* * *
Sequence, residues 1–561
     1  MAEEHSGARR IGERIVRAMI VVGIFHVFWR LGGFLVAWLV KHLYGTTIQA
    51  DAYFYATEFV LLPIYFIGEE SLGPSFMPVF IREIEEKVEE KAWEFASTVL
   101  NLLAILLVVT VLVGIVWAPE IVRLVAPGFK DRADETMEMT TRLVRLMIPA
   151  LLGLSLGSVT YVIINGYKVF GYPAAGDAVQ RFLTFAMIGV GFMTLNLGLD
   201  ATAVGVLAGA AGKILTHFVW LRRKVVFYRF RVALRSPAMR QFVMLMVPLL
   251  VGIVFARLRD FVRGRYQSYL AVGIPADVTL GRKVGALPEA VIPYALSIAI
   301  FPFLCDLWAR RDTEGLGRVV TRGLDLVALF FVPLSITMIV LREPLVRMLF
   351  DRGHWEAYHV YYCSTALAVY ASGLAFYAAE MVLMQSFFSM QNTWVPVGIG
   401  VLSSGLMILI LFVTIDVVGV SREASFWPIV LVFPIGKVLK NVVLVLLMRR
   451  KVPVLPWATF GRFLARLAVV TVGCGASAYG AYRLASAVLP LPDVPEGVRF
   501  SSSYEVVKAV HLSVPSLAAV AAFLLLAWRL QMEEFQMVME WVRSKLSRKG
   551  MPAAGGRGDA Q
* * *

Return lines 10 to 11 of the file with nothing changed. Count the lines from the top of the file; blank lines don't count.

   401  VLSSGLMILI LFVTIDVVGV SREASFWPIV LVFPIGKVLK NVVLVLLMRR
   451  KVPVLPWATF GRFLARLAVV TVGCGASAYG AYRLASAVLP LPDVPEGVRF